BORIS Theses

BORIS Theses
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Occurrence and fate of micro- and nanoplastic in the terrestrial environment

Foetisch, Alexandra (2023). Occurrence and fate of micro- and nanoplastic in the terrestrial environment. (Thesis). Universität Bern, Bern

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The worldwide production of plastic has grown exponentially since the 1950’s and revolutionized our daily life. Simultaneously, plastic pollution in the environment has become a global issue and micro- (MP) and nanoplastics (NP) have now been detected even in the most remote ecosystems. There is currently a data gap due to a lack of analytical methods on the occurrence and characterisation of two highly relevant categories of plastic in the soil environment: tire wear particles (TWP), which concentration in the environment is expected to be high and carry toxic additives, and NP, which toxicity has been demonstrated on soil organisms and is characterized by its ability to cross cell membranes. The effects of micro- and nanoplastic (MNP) on their surrounding environment are determined by their size, morphology, surface characteristics and chemical composition, which can be affected by soil residence time. As the soil is often considered as sink for MNP, it is crucial to investigate and understand the different weathering factors which might affect the MNP properties. To address these knowledge gaps, three main objectives were identified in the scope of this study: develop an extraction and single particle identification method for the quantification and characterisation of (i) TWP and (ii) NP in soil samples and (iii) characterise the physico-chemical properties at the surface of plastic debris occurring in the soil environment, as well as assess the effect of soil and UV weathering as single ageing factors. In order to realise the first objective, a method of extraction and identification of TWP in soil samples based on their black colour was developed using optical microscopy. Cryo-grinded TWP down to a size of 35 μm could be detected with a >85% but the tests conducted with environmental TWP showed that the density used in this study was not efficient to separate the whole range of TWP occurring in different densities. Yet, TWP concentration in highway adjacent soil samples ranged between 8084 ±1059 and 2562 ± 1160 TWP kg-1 dry soil and showed similar trends and magnitude order than previously reported concentrations. Thus, the developed protocol was estimated sufficiently accurate for TWP monitoring in soil samples. Regarding the second objective, an extraction and identification method for NP in soil samples was developed using X-ray spectro-microscopy (STX-NEXAFS). The results demonstrated the suitability of the technique for the imaging and chemical characterisation of individual NP with a minimum dimension of ≈100 nm and its application to the analysis of pure NP and for NP present in environmental and food matrices. However, it was not possible to obtain quantitative data on the NP present in the samples, as the method was too time consuming to allow the measurement of a high number of particles. For the last objective, STXM-NEXAFS was applied to the characterisation of the surface alterations of natural-soil weathered, soil-incubated and UV exposed polymers. A surface alteration on a depth varying between 150 and 1000 nm on could be observed and the analysis of the replicate’s measurement acquired on the same plastic debris highlighted the heterogeneity of the processes affecting polymers surface. The comparison of UV weathered and natural-soil weathered samples showed that the two treatments led to different surface alterations and the absence of surface alteration after one-year soil incubation indicated slow aging of polymers in this medium. Moreover, the very first step of surface fragmentation was observed on a PS fragment, providing an insight on the factors and processes leading to the release of MP and NP in soils. Overall, the present research contributed significantly to the development of innovative methods to characterise MNP in the soil environment. The results obtained helped to provide ground information on the characteristic of environmental MP and NP, which is of high importance to design ecotoxicological test using environmentally relevant material as well as validate predictive models to better understand the potential risk that MP and NP represent for the ecosystems.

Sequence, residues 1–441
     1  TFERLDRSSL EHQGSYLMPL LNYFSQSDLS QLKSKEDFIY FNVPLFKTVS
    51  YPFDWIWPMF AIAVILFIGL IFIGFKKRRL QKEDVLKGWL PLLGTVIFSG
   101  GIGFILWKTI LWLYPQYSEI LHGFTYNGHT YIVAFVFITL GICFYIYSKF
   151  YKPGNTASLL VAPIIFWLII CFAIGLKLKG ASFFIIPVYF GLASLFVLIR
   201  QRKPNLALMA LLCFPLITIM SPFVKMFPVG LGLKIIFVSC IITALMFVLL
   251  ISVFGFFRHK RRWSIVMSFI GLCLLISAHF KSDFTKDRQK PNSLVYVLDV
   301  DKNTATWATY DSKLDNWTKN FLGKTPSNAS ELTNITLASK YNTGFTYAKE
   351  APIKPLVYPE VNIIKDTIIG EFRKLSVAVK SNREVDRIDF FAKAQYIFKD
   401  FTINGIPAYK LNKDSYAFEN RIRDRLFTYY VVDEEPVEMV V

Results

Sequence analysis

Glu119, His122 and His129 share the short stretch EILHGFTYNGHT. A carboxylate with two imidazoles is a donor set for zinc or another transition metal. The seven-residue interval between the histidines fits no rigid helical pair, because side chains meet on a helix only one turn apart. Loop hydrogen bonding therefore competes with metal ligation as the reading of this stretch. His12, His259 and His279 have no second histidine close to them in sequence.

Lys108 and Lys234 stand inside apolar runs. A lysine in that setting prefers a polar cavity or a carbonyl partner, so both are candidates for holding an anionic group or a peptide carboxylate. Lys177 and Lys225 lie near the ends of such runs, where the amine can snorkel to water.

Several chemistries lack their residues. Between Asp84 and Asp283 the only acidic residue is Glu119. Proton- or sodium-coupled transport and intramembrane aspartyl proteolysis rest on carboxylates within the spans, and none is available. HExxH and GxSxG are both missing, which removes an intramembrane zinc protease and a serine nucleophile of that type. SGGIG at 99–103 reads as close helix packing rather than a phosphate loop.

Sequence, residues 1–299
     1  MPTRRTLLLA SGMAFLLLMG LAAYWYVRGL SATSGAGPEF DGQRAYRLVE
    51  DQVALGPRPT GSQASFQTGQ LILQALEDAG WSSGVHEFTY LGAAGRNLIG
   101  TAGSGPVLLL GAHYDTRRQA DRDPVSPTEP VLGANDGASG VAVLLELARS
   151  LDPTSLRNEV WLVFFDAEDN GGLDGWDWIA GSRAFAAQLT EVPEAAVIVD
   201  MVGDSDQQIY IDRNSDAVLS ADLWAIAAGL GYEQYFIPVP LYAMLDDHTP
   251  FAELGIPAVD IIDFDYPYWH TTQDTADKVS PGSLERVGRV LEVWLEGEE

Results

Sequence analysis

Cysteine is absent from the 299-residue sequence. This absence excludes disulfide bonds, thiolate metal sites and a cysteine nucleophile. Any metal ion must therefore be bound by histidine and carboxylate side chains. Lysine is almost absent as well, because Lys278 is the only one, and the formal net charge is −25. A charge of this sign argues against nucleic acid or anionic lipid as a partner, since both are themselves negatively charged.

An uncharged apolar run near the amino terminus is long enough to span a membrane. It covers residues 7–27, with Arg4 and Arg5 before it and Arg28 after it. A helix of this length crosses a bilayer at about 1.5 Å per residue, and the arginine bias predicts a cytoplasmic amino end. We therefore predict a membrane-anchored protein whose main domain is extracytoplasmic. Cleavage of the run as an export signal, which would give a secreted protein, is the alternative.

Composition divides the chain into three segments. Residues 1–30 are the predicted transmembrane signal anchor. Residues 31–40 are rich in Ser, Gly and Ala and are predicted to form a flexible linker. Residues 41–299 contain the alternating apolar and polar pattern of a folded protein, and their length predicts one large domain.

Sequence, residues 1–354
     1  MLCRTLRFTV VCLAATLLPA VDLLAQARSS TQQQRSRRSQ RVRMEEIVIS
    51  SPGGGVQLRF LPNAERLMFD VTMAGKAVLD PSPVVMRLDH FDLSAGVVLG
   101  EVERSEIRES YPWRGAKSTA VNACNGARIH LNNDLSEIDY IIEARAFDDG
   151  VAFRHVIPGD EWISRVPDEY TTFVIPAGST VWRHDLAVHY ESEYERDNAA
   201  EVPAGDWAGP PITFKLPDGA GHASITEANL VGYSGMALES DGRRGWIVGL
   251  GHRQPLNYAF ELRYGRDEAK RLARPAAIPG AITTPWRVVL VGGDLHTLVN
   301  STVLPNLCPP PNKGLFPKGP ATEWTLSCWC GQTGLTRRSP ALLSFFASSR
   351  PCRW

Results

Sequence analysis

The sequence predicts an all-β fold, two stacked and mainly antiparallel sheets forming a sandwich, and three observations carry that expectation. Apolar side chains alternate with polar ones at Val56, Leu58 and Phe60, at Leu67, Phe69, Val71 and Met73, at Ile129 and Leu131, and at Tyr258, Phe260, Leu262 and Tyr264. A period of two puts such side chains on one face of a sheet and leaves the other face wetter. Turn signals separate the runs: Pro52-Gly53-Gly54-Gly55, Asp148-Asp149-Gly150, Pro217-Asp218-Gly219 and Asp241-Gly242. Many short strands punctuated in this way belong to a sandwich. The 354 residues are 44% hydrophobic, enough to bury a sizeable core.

Item Type: Thesis
Dissertation Type: Cumulative
Date of Defense: 20 April 2023
Subjects: 500 Science > 550 Earth sciences & geology
900 History > 910 Geography & travel
Institute / Center: 08 Faculty of Science > Institute of Geography
Depositing User: Hammer Igor
Date Deposited: 19 Dec 2023 10:06
Last Modified: 20 Apr 2024 22:25

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